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MONTREAL, Quebec — The first official World Cup of Hockey practice for Team North America was done for the day. The coaches had wrapped up drills, and the group chalk talk sessions were complete.

Yet there wasn’t a player eager to leave the ice. They honed their shots on the goalies putting in more work. They chatted casually in small groups throughout the ice. A little extra ambition is to be expected on the first day of training camp, when first impressions are still being formed, especially on a team of players 23 and under.

It might also have to do with the fact that this group will be watched more closely by their coaches than any other World Cup team in training camp this week. Unlike with many of the established countries participating in the upcoming tournament, Team North America coach Todd McLellan and his staff still have a slew of decisions to make.

They tipped their hands on some of those decisions, such as who might get first crack at playing with Connor McDavid. Mark Scheifele and Jonathan Drouin joined McDavid in line rushes, and the threesome sat together in the dressing room. But McLellan offered no hints as to who would be the captain and who would form the leadership group of this high-octane All-Star team.

“It’s an evolving process. Some of the mature [countries] have their godfathers,” McLellan said. “You look at Sidney Crosby, [Henrik] Zetterberg when he was involved. Those are the godfathers. They’re at the head of the food chain.”

One of the fascinating things about this group of young players is that there is no food chain — not yet.

McDavid might have the highest profile on the team, but he is one of a number of former No. 1 picks on the roster. Brandon Saad has the most playoff experience and won two Stanley Cups with the Chicago Blackhawks, which should certainly put him in the discussion.

The Florida PanthersAaron Ekblad carries himself with the grace of a player who has been in the league for a decade, and he gets early points for showing confidence in his new teammates.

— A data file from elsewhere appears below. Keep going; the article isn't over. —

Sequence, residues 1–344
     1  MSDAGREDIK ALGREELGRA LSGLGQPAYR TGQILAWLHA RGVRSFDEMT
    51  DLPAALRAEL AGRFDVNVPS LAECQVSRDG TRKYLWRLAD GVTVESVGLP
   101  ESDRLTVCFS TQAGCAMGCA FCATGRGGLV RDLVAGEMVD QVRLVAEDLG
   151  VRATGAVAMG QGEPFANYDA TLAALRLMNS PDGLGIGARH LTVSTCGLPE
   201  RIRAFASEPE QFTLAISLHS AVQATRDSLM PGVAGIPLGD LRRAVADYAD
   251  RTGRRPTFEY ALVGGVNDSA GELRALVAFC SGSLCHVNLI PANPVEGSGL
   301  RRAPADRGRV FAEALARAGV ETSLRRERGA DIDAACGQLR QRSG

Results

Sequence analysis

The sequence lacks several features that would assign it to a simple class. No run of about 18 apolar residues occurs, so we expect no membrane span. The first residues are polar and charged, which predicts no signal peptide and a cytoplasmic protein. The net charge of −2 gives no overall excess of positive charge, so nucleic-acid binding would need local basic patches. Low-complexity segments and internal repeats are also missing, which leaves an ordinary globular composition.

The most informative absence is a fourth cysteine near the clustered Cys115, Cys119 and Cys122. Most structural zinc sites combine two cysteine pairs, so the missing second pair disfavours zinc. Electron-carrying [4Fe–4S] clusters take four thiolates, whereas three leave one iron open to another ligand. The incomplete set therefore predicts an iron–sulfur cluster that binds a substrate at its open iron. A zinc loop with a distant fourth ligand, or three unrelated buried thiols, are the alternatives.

“Every player is so good,” he said. “It’s actually crazy how good we are.”

The Philadelphia FlyersSean Couturier is a veteran of 350 NHL games. That counts for something. The Winnipeg Jets thought enough of Scheifele’s leadership skills to give him an “A” under new captain Blake Wheeler.

“We have an idea who should be stepping up,” McLellan said. “We need to see it throughout training camp and maybe an exhibition game or two.”

This team is run in part by Edmonton Oilers GM Peter Chiarelli. On the staff are two Oilers coaches, including the guy in charge. Oilers star McDavid is Team North America’s centerpiece and best player. He isn’t necessarily a vocal guy, but he has the makeup of a captain. He’s cut from the same cloth as Crosby and Jonathan Toews.

If Chiarelli and McLellan are comfortable putting more pressure on the shoulders of their franchise player, who is 19 years old, he might be the best option. Plus, it would be a nice trial run for a player everyone expects to wear the “C” in Edmonton one day.

“He’s an unbelievable guy. First and foremost, he’s a great person. I think great people make great captains,” Schefiele said of McDavid. “There’s no doubt he’ll be a captain for that [Oilers] team, whether this year or in the future.”

Near the end of practice, McLellan gathered his team at center ice and shared what he will ask of them this tournament.

“What we expect from you is an honest effort and commitment on both sides of the puck,” McLellan told the team.

For now, that message has to come from the coaching staff. For this group to have real success in the tournament, it’ll have to come from within the dressing room.

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